Third time’s a charm! Richard Branson’s Virgin Orbit successfully launches its LauncherOne rocket into space from a Boeing 747 before releasing 10 NASA satellites into orbit
- Virgin Orbit launched its LauncherOne rocket into space on Sunday evening from a modified Boeing 747
- Once released, the rocket lit up its own engines, before placing 10 tiny satellites into orbit for NASA
- The launch was Virgin Orbit’s third attempt, having aborted two attempts in May and December last year
Third time’s a charm, as the saying goes, and it seems that’s certainly true for Virgin Orbit.
Richard Branson’s private space firm successfully tested its air-launched rocket this weekend, following two failed attempts last year.
The rocket, called LauncherOne, reached space for the first time on Sunday, delivering 10 Nasa satellites to orbit and achieving a key milestone for the company.
Previous launches were aborted in May 2020 due to engine trouble, and in December due to a surge in coronavirus cases.
The rocket, called LauncherOne, reached space for the first time on Sunday, delivering ten Nasa satellites to orbit and achieving a key milestone for the company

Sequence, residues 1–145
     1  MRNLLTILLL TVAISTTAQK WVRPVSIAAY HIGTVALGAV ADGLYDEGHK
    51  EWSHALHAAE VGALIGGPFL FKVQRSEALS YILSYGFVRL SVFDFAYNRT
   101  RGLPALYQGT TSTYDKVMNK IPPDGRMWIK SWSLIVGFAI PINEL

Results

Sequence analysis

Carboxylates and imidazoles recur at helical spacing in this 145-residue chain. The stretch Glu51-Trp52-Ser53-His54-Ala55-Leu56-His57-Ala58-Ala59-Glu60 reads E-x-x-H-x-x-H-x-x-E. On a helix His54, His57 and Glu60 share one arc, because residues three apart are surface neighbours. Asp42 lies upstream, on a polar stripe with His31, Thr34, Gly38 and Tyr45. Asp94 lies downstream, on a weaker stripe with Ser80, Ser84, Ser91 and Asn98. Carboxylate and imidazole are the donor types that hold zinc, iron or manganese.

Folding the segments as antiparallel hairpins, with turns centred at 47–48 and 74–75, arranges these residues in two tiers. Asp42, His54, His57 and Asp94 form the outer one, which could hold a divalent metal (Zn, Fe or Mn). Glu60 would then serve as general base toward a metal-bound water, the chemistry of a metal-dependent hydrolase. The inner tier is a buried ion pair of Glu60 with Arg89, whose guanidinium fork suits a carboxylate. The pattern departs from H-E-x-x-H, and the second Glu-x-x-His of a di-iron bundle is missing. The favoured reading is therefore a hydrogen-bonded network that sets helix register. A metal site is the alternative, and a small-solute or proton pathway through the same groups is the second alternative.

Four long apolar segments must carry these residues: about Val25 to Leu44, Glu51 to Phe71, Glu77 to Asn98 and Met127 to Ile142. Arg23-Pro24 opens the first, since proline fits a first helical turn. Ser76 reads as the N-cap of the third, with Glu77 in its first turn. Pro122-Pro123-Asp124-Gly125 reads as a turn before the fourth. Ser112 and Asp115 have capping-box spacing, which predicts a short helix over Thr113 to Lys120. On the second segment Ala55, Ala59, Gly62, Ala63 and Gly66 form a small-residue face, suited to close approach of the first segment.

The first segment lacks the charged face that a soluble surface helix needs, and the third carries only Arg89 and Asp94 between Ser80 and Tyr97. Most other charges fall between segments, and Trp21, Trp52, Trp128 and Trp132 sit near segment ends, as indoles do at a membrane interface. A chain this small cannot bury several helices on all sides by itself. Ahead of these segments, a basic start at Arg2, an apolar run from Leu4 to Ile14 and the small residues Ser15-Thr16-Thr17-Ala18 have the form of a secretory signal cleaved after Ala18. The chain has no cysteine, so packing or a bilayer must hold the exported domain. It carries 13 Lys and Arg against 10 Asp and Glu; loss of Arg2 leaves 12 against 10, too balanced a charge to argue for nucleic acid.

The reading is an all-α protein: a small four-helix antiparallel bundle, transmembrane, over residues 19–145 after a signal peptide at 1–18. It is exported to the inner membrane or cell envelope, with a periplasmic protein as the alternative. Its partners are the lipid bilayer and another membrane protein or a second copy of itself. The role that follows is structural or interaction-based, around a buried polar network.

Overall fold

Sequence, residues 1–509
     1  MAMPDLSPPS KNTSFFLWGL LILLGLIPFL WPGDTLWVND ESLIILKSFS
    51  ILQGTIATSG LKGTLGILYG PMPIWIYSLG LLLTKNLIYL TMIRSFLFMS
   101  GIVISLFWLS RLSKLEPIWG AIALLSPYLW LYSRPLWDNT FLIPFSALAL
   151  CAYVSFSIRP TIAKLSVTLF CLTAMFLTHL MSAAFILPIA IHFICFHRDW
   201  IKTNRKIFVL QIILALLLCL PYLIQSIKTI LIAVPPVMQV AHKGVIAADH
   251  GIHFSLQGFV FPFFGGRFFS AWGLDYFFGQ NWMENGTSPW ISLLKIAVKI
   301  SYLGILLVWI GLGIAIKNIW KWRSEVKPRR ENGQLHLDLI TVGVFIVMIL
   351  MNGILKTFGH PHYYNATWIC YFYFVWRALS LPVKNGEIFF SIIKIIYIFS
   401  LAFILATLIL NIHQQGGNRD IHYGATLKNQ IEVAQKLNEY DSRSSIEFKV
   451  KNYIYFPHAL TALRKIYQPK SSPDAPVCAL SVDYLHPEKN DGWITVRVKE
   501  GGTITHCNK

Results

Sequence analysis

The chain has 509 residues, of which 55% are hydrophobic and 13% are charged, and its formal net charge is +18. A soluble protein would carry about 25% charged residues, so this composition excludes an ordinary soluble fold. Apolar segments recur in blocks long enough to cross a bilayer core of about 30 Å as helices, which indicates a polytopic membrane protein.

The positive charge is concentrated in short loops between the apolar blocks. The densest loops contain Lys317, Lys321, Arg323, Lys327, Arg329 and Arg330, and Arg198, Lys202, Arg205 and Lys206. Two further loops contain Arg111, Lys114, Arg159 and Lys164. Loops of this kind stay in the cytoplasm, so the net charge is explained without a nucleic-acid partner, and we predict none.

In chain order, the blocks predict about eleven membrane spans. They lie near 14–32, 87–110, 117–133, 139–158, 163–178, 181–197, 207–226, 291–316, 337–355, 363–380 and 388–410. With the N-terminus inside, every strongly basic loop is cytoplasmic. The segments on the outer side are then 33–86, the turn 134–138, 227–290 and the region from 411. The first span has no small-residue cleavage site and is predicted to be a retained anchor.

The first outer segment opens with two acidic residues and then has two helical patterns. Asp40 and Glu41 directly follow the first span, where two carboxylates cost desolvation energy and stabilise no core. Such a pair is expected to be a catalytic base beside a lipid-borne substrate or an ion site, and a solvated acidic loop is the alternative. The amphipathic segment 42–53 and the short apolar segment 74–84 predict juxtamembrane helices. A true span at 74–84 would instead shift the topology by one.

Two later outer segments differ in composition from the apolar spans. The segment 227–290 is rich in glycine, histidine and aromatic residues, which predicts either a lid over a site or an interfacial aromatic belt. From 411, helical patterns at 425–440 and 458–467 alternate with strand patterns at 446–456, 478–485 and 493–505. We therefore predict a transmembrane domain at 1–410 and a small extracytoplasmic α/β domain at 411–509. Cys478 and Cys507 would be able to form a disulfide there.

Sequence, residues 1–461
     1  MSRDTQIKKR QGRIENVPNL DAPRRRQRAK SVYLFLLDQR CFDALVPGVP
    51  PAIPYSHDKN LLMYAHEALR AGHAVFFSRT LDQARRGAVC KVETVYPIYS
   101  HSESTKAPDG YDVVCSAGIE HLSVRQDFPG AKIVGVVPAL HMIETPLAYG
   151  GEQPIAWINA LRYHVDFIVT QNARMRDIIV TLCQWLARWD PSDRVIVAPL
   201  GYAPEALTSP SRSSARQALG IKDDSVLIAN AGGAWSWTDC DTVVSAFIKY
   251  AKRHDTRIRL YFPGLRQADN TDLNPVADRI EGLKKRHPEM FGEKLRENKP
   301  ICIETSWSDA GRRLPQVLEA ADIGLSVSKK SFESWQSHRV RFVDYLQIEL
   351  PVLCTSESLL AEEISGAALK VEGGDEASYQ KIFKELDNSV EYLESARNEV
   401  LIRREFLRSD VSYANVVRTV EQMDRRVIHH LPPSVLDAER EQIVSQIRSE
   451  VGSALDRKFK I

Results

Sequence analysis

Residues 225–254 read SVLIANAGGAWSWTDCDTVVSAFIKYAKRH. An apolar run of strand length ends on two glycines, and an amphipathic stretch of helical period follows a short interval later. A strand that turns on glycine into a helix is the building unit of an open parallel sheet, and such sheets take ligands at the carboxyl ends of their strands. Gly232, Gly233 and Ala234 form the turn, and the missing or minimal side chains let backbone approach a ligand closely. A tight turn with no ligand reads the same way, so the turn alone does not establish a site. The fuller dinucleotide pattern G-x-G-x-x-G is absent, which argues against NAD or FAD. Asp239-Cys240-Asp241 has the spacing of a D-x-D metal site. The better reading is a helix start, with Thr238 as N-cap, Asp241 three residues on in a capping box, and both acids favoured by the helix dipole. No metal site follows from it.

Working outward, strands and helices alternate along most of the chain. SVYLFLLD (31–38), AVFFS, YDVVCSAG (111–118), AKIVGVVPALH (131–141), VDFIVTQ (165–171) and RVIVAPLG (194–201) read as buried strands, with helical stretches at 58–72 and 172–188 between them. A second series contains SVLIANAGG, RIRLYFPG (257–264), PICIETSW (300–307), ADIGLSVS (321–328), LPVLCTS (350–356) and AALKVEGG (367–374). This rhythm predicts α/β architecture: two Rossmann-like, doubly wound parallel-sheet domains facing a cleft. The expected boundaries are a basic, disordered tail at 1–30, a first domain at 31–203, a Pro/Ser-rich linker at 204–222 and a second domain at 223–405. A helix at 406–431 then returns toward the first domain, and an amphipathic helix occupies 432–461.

During the test flight, LauncherOne was dropped mid-air from the underside of a modified Boeing 747 nicknamed Cosmic Girl some 35,000 feet over the Pacific at 11:39 am PT (19:39 GMT).
Having been dropped, the rocket lit its NewtonThree engine to boost itself out of Earth’s atmosphere, demonstrating its first successful trek to space.
Roughly two hours after its Cosmic Girl carrier craft took off from the Mojave Air and Space Port in southern California, the rocket successfully placed 10 tiny satellites in orbit for Nasa.
During the test flight, LauncherOne was dropped mid-air from the underside of a modified Boeing 747 nicknamed Cosmic Girl some 35,000 feet over the Pacific at 11:39 am PT (19:39 GMT), before lighting its NewtonThree engine to boost itself out of Earth’s atmosphere, demonstrating its first successful journey into space.
‘According to telemetry, LauncherOne has reached orbit!’ the company announced on Twitter during the test mission, dubbed Launch Demo 2.
‘In both a literal and figurative sense, this is miles beyond how far we reached in our first Launch Demo.’
Roughly two hours after its Cosmic Girl carrier craft took off from the Mojave Air and Space Port in southern California, the rocket successfully placed 10 tiny satellites in orbit for NASA, the company said on Twitter.
The rocket, a 70-foot launcher tailored for carrying small satellites to space, aimed to place the 10 tiny satellites into orbit for NASA roughly two hours into the mission, though Virgin Orbit had not confirmed whether they were deployed as planned.
The flight was in honour of Eve Branson, Sir Richard’s mother, who sadly passed away this month.